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Gluten and Casein Intolerance

March 15, 2013

Bread and CheeseGluten and Casein Responders

The RPAH advise that individuals who have done a month’s trial of the failsafe diet but continue to have some problems should try cutting out gluten and casein for at least two weeks.

Gluten and casein intolerances usually occur together because they are usually caused by a sensitivity to opioid-like peptides. Though there are a number of reasons why gluten and casein may affect people (such as insulin-like lectins and lactose intolerance), opioid-like peptides appear to be the main issue. There is no scientific evidence that this is caused by “incomplete digestion” or “IgG allergy” as has been put forward by some alternative theorists. Incomplete digestion of opioid-like peptides is actually normal.

Rather this sensitivity appears to be related to the body’s natural endorphin levels. Opioid-like peptides act on endorphin receptors throughout the body and can cause problems such as aches and pains, headaches, lowered pain threshold, digestive problems (usually but not limited to constipation), nausea, abnormal hunger, motivational problems, mental/behavioural problems, brain fog, irritability, weight problems, cravings, and histamine release.

What appears to happen is that gluten and casein have the strongest effects in individuals who have naturally low levels of endorphins or who are ‘resistant’ to endorphins due to endorphin receptor polymorphisms. They act as natural analgesics and provide a mild sense of relief and demotivation in the short term, but during withdrawal cause increased pain, anxiety, and negative symptoms. Gluten and casein also cause non-allergy mediated histamine release, and are problematic for those who are sensitive to histamine.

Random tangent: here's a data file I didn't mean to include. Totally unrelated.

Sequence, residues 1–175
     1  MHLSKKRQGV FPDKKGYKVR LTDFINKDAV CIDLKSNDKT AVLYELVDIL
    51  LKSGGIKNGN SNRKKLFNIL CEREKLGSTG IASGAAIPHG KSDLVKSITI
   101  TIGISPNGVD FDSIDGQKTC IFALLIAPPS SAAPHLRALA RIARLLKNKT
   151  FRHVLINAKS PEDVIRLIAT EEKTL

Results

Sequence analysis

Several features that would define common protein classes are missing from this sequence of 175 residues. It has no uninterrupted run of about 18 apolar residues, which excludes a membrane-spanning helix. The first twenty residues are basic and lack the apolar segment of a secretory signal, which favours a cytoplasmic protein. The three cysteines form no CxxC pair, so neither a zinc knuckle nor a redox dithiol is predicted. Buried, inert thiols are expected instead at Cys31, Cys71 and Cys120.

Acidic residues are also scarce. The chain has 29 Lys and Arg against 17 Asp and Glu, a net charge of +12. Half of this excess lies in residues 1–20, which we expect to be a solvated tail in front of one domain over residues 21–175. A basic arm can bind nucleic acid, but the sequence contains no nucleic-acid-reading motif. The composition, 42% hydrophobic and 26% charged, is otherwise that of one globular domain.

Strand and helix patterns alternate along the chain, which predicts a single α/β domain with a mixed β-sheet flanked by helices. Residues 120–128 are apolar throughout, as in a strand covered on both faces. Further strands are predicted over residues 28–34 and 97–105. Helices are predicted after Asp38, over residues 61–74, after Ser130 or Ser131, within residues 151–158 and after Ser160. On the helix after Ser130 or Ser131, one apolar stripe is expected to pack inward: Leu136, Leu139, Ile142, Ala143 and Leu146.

It is not necessary for most people to cut out all gluten and casein. Because gluten and casein intolerance is not an allergy, just as with salicylates, amines and glutamates, limited quantities may be tolerable to less sensitive individuals.

It is important to distinguish between different types of casein. Most farmed cows such as holstein and friesian produce milk with a fragment of protein called A1 beta-casein. It is this A1 fragment that produces an opioid-like reaction in the body. Originally cows produced milk with a fragment of protein called A2 beta-casein. A2 beta-casein does not cause the same opioid-like reaction as A1 beta-casein. All ancient breeds of cattle such as zebu cattle produce A2 milk, along with buffalo, yak, goat and sheep. Guernsey cows produce milk with around 90% A2 content, and Jersey cows produce a moderate amount more A2 content than regular farmed cows. Milk may contain some other much milder, weaker opioid-like peptides to which the most sensitive individuals may react, so A2 milk is not 100% safe.

A note on spinach. Spinach is not a failsafe food, however, it also contains opioid-like peptides in the form of rubiscolin. Individuals who are sensitive to the opioid-like peptides in gluten and casein are also sensitive to spinach in the same way. If you discover you can tolerate salicylates but are unable to tolerate gluten and casein, it would be wise to do a spinach trial.


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